Calcium is one of the many minerals our body needs to carry out some important life functions including the development and maintenance of our bones and teeth. We all know how important it is for growing children to satisfying the need for calcium. But it is also important to continue to get enough calcium as an adult in order to maintain the structure and strength of our frame.
Calcium (along with a few other important minerals such as phosphorus, potassium, magnesium, sulfur, sodium, and chloride) helps maintain the PH balance of the body, move nutrients across cell membranes, and maintain proper impulses that nerve cells use to send signals throughout the body, which improves cognitive functioning in our youth and as we age. Believe it or not, almost everyone gets enough calcium. However, what many are missing are the cofactors that allow the body to properly absorb and distribute it throughout the body.
There are seven major cofactors that impact the body’s ability to perform this task:
- Digestion– Our body cannot make minerals. We must ingest them by eating a colorful diet of leafy greens, broccoli, dried apricots, figs, nut, and seeds. We can eat our daily allowance without the need for supplements. Calcium needs HCL (stomach acid) to be absorbed. This is required for the uptake of the mineral.
- Fatty Acids- Fatty acids are necessary for the transport of calcium across the cell membrane into the cell where this mineral can begin to work its magic. Getting good fats like fish oils, coconut oil, grass-fed butter, beef tallow, and responsibly sourced duck fat also increases the amount of calcium in tissues such as the heart, insuring a steady heart rate.
- Vitamin D- We need vitamin D to increase the absorption of calcium in the small intestine. Vitamin D is also a fat-soluble vitamin, so those with IBS may experience difficulty acquiring this nutrient and may require additional supplements for conjugating fats. The list of foods naturally occurring in nature with vitamin D is rather short: flesh from fatty fish (tuna, salmon, mackerel) and fish liver oils are the best sources. It is also possible to consume small amounts from beef liver, cheese, and eggs. However, this varies depending on how these animals were raised and harvested. Quality is a discerning factor when assessing nutrient content. My favorite way to get vitamin D is to go outside and get 15-30 minutes of morning sun on my face, arms, legs, and back. Research has shown that 15-30 minutes of sun exposure without sunscreen will usually lead to sufficient vitamin D synthesis. If you have limited sun exposure you will need to add a good vitamin D supplement to your daily routine.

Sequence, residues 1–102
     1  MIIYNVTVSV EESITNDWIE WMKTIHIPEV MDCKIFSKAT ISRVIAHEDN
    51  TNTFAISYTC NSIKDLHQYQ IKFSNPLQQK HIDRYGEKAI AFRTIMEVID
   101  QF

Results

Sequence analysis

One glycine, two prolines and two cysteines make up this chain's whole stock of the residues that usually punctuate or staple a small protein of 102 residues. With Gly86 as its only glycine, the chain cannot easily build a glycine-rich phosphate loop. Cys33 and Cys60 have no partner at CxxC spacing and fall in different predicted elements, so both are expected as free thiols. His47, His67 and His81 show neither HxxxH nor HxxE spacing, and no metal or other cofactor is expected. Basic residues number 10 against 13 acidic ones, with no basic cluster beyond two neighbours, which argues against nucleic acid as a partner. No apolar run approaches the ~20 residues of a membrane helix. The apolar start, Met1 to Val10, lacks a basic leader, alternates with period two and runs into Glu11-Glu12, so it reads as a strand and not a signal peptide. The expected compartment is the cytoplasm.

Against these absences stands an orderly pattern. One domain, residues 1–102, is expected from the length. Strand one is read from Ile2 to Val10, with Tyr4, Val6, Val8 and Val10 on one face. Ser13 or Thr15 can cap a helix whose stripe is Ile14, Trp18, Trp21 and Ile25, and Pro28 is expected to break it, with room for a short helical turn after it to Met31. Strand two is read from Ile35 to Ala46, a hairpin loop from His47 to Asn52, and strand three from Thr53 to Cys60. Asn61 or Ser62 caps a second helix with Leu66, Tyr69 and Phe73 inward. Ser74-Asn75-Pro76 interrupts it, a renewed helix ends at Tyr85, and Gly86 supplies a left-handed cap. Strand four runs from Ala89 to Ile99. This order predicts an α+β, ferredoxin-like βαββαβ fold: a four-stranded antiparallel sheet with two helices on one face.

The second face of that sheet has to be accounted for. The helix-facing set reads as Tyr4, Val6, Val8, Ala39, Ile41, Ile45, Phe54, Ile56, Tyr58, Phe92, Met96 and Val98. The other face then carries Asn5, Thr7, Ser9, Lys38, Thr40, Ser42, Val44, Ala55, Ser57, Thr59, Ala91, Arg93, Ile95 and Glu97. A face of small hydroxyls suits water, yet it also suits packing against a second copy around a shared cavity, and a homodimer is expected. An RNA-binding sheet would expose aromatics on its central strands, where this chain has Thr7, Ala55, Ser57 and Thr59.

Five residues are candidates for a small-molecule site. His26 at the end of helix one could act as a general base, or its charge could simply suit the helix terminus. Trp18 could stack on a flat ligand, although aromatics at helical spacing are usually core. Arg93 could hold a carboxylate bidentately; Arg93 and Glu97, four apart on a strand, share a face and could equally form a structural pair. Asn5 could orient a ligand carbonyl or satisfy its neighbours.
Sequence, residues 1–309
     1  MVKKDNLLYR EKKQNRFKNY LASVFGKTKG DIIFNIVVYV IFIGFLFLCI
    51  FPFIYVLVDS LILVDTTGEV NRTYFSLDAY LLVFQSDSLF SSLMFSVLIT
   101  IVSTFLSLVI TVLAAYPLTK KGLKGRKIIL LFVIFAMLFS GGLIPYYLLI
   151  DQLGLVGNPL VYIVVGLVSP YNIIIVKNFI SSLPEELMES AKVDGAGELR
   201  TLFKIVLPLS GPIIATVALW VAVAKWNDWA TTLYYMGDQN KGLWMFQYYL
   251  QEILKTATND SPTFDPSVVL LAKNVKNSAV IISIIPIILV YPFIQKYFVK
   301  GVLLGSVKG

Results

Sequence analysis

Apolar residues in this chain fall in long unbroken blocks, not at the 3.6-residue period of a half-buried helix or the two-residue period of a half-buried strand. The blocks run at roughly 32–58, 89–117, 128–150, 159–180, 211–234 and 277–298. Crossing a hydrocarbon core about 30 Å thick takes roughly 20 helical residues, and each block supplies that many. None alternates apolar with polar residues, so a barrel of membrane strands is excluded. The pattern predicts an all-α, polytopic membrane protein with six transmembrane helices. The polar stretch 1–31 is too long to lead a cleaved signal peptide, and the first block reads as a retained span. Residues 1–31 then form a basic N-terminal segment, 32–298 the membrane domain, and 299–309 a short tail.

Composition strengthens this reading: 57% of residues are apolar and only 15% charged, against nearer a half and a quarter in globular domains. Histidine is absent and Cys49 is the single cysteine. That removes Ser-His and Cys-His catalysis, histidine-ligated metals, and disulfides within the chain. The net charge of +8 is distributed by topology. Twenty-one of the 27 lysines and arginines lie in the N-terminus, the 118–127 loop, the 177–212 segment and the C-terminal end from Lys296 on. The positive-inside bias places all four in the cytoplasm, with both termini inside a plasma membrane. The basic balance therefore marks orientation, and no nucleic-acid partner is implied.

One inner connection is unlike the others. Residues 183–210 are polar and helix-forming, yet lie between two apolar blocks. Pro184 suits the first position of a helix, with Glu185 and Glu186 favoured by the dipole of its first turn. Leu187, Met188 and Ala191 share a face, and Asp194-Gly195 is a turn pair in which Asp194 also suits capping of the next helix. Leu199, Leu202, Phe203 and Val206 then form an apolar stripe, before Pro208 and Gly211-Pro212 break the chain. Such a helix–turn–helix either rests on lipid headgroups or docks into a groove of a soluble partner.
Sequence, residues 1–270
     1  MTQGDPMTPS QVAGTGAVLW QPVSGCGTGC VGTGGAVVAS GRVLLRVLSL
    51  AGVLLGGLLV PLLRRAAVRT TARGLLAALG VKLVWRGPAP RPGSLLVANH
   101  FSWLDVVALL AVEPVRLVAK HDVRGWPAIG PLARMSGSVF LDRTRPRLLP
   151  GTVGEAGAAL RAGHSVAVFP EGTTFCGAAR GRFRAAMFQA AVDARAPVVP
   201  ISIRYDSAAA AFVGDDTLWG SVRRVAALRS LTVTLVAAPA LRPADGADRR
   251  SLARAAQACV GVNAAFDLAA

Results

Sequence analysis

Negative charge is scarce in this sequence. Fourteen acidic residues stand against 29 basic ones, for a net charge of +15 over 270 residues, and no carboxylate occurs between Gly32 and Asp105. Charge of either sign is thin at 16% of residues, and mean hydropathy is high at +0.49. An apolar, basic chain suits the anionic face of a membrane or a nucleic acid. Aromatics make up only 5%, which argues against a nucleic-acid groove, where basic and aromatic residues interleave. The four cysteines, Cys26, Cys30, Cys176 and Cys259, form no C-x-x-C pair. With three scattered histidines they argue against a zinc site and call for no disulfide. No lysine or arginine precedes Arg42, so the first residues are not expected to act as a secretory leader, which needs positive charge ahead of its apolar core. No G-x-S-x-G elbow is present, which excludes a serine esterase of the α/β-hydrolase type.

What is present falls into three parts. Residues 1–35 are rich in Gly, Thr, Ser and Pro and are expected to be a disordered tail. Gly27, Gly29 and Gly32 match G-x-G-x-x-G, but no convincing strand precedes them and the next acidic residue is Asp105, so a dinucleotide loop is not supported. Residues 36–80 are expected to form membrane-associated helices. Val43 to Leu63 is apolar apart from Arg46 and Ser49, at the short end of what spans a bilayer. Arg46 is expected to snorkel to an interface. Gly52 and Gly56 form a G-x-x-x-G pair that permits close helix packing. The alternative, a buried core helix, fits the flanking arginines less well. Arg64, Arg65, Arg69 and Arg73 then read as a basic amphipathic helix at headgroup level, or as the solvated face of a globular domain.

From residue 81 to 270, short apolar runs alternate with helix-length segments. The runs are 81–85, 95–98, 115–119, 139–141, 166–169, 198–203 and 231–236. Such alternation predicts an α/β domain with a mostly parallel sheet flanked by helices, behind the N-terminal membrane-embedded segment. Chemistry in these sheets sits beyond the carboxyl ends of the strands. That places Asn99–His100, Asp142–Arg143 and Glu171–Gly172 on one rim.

- Other Minerals- For our calcium level to stay balanced we must also get a daily supply of other minerals/microminerals in our diet. Potassium and the trace elements Manganese, Boron, Copper, and Zinc are all important for the body to be able to use calcium to perform functions.
- Systemic PH- The body will protect its blood supply first, so if our blood becomes too acidic and its PH falls, it pulls calcium out of the bones to buffer the blood. On the reverse, if the blood is alkaline, calcium separates and may be redeposited inappropriately causing issues, usually in the joints.
- Good Hydration- Good hydration ensures that the blood stays fluid and calcium is transported throughout the body to other tissues. Getting a balanced electrolyte intake allows for the transfer of calcium in and out of the cell.
- Hormones- Hormones distributed by the endocrine system from the Parathyroid, Thyroid, Adrenals, and Sex organs all play a part in regulating calcium. This brings us back to fatty acids. We need the consumption of good fats to build healthy nerve pathways and regulate hormones.
Is Dairy a Good Source of Calcium?
Eating a calcium-rich diet has been confused with drinking lots of milk. However, this theory poses health risks and concerns for many of us. The quality of dairy we are consuming is a major factor as well as our potential compromised digestive system that may not be able to digest lactose. Thankfully, it is easy to eat a calcium-rich diet without going overboard on dairy. Just add a few of these staples to your diet a few days a week:
- Swiss, Jack or Cheddar Cheese (2 oz)
- Goat’s Milk Yogurt (2 oz)
- Broccoli (2 stalks)
- Sardines w/bones (2 oz)
- Collard and Turnip greens (6 oz)
- Almonds and Brazil nuts (3 oz)
Furthermore, as I mentioned earlier, we need to get a variety of minerals in our diets. Thus, adding foods high in Magnesium is also a good idea.
Foods high in Magnesium include:
- Pumpkins Seeds
- Brown Rice
- Black and Kidney Beans
- Nut Butters
Many of these amazing foods check off boxes in several categories. They include good fats, antioxidants, and protein, which are all part of a healthy diet. Keeping variety in your diet is a key component to a healthy, sustainable lifestyle.
I hope this helps you better understand why we need calcium and how you can get it. Remember to Live Your Value, one nutritional choice at a time!